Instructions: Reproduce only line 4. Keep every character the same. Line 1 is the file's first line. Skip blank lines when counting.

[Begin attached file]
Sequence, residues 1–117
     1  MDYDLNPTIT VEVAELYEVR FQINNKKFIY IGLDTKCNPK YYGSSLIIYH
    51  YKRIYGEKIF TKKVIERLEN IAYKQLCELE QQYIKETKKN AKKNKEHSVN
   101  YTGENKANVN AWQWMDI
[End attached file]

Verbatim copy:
   101  YTGENKANVN AWQWMDI